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Homework Help: Physics Friction

  1. Nov 10, 2014 #1
    1. The problem statement, all variables and given/known data
    While dragging your 22.3 kg catapult across the floor of your garage, you wonder what coefficient of friction is between the catapult and the concrete. If you accelerate your catapult at 0.76 m/s2 with a force of 79 N at 21°, find:

    1. Find the components.
    2. Force Normal: FN =
    3. What is the coefficient of friction (mu/μ) between the dry concrete and the wood of your catapult? μ=
    2. Relevant equations
    kinematics2.jpg where Vf= final velocity Vi= initial velocity a= acceleration t= time
    kinematics3.jpg x= distance in the x direction (can also be replaced with y in the y direction)
    Fnet= ma (Net force= mass times acceleration)

    Ff= μ FN (Force of friction= mu[coefficient of friction] times Normal Force)
    3. The attempt at a solution

    I have figured out the first three questions correctly;
    Fx= 73.8N using mgcos(theta) (theta is the degree of the incline)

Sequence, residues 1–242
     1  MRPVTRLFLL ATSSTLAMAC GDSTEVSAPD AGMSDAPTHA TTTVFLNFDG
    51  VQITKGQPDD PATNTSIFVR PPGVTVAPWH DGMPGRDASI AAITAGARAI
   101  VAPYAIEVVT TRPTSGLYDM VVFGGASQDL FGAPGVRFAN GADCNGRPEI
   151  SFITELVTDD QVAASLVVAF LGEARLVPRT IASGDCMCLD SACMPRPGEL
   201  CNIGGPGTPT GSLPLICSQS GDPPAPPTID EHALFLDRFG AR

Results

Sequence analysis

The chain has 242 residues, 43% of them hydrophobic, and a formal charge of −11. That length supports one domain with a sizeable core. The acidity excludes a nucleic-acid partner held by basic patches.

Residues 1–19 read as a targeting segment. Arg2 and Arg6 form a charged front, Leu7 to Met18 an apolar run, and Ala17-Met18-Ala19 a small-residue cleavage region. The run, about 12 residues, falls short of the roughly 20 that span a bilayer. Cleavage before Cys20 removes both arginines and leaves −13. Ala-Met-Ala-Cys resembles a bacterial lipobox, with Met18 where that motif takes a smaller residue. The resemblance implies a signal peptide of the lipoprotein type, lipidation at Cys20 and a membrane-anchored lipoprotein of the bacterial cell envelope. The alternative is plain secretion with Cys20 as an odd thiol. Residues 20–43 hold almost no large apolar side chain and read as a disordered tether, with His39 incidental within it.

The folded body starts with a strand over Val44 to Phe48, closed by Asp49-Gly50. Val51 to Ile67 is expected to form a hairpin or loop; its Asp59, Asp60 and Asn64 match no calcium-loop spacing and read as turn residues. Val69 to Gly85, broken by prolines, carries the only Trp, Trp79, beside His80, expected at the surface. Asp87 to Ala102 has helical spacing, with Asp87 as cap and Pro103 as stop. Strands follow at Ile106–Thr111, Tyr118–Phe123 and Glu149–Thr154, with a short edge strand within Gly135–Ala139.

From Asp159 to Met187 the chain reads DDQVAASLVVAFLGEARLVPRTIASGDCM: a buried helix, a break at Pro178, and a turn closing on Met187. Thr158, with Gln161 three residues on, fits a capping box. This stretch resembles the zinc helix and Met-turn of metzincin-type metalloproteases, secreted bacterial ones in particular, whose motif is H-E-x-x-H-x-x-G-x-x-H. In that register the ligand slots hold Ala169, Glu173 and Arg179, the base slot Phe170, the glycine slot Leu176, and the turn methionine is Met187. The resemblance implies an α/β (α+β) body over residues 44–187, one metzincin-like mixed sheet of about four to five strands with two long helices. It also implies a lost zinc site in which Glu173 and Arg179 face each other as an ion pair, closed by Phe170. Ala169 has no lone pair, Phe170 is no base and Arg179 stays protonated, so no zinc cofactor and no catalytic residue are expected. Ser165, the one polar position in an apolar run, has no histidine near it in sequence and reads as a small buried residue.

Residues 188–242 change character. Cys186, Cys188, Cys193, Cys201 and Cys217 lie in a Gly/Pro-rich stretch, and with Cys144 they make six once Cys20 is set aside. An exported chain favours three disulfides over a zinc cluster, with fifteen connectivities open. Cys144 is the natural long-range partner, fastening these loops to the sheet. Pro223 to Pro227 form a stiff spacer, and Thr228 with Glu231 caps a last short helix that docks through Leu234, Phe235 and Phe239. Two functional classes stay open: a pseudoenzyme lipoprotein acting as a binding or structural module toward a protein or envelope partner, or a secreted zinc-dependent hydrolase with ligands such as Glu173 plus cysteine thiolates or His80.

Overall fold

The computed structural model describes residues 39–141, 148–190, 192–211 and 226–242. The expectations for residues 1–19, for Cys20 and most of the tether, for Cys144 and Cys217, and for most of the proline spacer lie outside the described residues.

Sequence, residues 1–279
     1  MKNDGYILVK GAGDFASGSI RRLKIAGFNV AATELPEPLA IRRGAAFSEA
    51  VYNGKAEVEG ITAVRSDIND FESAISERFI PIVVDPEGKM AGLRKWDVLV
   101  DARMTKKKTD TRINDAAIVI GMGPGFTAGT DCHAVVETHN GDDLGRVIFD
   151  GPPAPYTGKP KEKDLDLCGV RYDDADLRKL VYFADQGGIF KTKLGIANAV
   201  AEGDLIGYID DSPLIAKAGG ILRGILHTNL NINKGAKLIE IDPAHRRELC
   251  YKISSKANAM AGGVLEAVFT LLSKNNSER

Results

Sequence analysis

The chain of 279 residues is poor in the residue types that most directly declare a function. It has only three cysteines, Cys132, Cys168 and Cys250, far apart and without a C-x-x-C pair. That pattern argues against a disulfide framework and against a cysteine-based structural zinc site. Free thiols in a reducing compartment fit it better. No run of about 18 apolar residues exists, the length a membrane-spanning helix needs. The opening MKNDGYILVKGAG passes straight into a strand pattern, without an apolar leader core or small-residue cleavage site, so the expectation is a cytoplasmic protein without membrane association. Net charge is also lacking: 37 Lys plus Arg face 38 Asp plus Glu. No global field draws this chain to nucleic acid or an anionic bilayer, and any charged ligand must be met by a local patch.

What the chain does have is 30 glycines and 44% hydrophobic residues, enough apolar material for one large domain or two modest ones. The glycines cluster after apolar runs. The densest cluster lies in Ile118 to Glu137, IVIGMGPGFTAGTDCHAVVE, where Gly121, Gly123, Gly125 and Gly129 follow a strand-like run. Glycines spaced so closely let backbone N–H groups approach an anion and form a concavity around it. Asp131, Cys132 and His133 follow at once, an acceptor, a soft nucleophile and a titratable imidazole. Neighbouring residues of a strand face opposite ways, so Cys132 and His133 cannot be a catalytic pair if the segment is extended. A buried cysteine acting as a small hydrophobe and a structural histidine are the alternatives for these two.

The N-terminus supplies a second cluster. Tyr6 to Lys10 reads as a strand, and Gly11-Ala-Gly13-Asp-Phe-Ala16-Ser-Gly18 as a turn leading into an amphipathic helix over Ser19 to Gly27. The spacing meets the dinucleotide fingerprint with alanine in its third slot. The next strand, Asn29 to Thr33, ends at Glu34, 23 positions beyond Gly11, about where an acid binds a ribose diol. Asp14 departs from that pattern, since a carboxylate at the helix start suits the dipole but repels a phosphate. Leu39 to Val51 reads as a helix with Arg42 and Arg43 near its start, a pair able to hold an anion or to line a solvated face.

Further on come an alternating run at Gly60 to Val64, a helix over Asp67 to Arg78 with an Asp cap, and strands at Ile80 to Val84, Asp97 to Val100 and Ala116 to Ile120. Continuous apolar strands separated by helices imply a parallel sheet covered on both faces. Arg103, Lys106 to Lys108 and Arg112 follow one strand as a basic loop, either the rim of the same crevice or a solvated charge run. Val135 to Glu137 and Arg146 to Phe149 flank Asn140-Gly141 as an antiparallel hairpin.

Fy=28.3N using mgsin(theta) (x and y the postions on a graph)
    Force Normal= 190.2N using Fnormal+Fgravity+Fpull (sin theta)=0

    I can't figure out how to find the mu between the concrete and the wood, I got 4.67 as my answer but the problem is telling me the correct answer is .2968. I know Ffriction is needed but I'm not sure if I'm doing it correctly, since I was not given any equation for it. After finding that I would think just plugging that into the last equation to find mu?
    Last edited: Nov 10, 2014
  2. jcsd
  3. Nov 10, 2014 #2


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    Homework Helper

    There is no incline, the floor is horizontal. But you apply a force F which makes the angle of 21°with the horizontal. Fx and Fy are the horizontal and vertical components of your force. Apart of these, the results are correct.

    Show your work in detail. What is the net horizontal force applied on the catapult?
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